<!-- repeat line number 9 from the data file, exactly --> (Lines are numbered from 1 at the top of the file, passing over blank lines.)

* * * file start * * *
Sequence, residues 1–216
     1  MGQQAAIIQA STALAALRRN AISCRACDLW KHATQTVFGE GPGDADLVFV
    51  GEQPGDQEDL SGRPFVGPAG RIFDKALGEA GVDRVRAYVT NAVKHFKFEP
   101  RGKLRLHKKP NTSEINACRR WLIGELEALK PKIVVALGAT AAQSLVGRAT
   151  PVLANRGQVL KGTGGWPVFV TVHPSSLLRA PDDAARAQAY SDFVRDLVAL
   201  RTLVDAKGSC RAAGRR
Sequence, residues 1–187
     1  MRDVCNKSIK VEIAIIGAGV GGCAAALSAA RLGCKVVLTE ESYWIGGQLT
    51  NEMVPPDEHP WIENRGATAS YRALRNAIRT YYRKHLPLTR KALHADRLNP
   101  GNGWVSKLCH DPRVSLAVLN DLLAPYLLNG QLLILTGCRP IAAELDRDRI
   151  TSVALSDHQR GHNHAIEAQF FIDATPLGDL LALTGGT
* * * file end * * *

    51  NEMVPPDEHP WIENRGATAS YRALRNAIRT YYRKHLPLTR KALHADRLNP